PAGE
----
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Deploying a Live Robot Demo in the Cloud

Date: 08 Dec 2021
Category: engineering

This is the story of how we deployed a 6DOF arm robot on cloud platform – with full access to a “robot command station” in JupyterLab! We’re using the Niryo One robot here, but you could do this with any similar robot.

Introducing the Cloud! is a platform to run ROS in a distributed fashion: some components can run on the robot, and some can run in the “cloud”. The cloud can consist of multiple machines, where each specializes in a certain task – giving a robotics developer “infinite firepower” to do heavy computations. runs on Kubernetes (although as a user one doesn’t need to interact with that), and cloud packages are deployed through a docker image. Furthermore, is ROS1 native, and can transparently manage multiple masters. The different masters communicate over the “cloud bridge”, and one can expose ROS topics, services, and actions easily.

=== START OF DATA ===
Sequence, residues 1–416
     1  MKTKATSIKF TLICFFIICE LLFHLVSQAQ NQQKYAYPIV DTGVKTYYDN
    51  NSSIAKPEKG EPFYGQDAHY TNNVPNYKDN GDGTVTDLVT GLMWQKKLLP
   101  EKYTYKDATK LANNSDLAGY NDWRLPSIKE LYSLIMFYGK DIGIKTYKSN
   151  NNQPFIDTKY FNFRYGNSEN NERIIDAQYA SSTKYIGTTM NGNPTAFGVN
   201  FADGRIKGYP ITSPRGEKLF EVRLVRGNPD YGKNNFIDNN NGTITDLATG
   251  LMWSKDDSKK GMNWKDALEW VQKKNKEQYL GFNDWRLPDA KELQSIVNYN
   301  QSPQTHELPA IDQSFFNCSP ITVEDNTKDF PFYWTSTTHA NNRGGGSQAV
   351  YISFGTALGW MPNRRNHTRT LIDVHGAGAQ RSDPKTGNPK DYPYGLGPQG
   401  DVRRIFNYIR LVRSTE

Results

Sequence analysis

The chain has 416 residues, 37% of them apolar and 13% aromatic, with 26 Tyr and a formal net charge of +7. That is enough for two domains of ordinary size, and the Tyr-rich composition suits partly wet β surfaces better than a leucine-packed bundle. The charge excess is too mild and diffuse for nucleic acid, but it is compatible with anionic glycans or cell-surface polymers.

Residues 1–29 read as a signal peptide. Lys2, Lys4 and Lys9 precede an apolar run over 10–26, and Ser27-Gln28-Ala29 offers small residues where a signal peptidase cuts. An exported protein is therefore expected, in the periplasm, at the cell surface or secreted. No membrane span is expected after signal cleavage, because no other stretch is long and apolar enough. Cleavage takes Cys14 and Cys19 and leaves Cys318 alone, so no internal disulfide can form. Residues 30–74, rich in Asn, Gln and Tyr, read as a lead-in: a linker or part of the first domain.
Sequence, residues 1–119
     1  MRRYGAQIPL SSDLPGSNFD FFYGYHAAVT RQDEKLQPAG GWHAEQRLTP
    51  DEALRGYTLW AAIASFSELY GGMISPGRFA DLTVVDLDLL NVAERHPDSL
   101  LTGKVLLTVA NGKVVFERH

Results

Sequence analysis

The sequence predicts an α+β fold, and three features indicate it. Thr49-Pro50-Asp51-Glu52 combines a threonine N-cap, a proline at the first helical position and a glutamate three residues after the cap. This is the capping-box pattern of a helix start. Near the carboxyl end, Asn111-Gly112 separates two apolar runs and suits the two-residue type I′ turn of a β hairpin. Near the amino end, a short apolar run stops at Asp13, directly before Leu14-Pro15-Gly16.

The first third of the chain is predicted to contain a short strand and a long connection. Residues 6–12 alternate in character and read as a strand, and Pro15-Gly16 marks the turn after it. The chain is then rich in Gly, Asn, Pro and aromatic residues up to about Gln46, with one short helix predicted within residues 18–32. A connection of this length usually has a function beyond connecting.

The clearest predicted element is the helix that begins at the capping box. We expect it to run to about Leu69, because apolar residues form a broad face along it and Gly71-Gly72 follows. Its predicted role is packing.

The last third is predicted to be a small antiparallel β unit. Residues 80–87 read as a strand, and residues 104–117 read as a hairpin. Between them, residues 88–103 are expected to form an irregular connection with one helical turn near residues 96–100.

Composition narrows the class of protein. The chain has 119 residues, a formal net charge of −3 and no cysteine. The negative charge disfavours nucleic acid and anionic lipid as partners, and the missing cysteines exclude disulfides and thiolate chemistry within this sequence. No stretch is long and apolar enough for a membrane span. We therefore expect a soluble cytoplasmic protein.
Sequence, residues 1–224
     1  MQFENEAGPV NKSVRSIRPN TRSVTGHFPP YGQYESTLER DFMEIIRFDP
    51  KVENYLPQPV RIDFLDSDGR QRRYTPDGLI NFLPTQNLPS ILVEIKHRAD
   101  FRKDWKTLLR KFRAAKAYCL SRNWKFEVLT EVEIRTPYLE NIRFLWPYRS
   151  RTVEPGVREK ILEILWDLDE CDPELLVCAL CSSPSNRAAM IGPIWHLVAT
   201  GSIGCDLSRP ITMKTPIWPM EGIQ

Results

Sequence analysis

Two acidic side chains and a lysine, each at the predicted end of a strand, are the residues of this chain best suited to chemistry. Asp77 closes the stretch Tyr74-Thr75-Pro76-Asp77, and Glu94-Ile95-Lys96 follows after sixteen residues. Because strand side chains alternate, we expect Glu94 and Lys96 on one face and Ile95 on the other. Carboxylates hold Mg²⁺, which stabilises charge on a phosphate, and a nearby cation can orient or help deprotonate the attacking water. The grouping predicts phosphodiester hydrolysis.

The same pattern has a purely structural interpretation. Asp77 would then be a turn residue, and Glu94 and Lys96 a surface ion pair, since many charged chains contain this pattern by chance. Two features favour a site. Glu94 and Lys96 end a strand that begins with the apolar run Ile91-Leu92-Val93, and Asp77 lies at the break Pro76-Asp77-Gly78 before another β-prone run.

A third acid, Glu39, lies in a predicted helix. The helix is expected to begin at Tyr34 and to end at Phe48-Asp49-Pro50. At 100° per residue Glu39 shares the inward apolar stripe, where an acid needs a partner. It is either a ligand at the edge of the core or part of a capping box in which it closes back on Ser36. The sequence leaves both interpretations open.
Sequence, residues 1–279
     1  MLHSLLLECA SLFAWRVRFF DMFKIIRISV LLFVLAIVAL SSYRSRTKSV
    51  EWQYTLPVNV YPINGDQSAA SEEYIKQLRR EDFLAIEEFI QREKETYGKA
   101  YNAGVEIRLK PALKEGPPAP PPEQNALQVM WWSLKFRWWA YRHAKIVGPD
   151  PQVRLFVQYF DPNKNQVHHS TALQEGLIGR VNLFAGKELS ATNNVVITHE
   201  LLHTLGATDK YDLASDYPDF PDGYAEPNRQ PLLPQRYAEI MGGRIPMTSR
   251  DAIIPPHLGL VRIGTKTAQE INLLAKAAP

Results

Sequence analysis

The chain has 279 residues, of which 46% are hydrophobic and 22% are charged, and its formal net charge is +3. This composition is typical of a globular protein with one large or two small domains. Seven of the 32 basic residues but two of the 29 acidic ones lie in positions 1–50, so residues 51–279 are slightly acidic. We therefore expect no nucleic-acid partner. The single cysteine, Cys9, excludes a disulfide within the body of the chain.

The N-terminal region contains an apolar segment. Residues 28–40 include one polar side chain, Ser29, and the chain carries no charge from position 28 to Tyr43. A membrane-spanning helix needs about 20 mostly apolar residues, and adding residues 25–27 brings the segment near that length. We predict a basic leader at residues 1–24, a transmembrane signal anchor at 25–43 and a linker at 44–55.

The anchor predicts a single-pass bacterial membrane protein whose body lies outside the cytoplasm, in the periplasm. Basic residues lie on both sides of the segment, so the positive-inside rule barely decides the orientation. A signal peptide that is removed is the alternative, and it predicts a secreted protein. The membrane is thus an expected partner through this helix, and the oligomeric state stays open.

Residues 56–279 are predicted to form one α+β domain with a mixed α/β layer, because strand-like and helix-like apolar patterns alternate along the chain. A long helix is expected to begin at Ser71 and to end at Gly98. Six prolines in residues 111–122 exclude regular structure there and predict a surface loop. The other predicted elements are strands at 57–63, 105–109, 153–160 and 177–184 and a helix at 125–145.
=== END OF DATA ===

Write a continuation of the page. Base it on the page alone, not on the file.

Cloud deployment is usually done through docker images. These docker images can be automatically built on For this blog post, we’ve developed a fully integrated docker image that comes with “batteries included”: it spins up a VNC server to interact with the robot through RViz, as well as a JupyterLab instance with useful plugins installed: Comment

  • Use the VNC connection with the jupyterlab-novnc plugin
  • Natively interact with rostopics through JupyterLab terminal
  • Use Zethus, rapyuta’s web-native RViz replacement
  • or check out the Webviz integration (the ROS visualization framework from Cruise)

Creating a Robot Simulation

With all robotics development, it’s important to be able to simulate the robot – it can be expensive or difficult to run the actual robot, and certain aspects of the robot’s behavior can be well analyzed in simulation. For this, we’ll create a simulated environment first – using the same docker image to later control the robot. ROS usually makes this easy! Comment

For this purpose, we created two Dockerfiles: a base docker image that contains JupyterLab and the extensions mentioned beforehand, and a more specific Dockerfile to launch a Niryo One. The more specific Dockerfile installs the correct ROS packages for planning motions with Moveit for Niryo One. In a similar spirit, one could build additional docker images for different robots.

In that Dockerfile, we have a starting script that can launch the Niryo One either in sim mode or in real mode.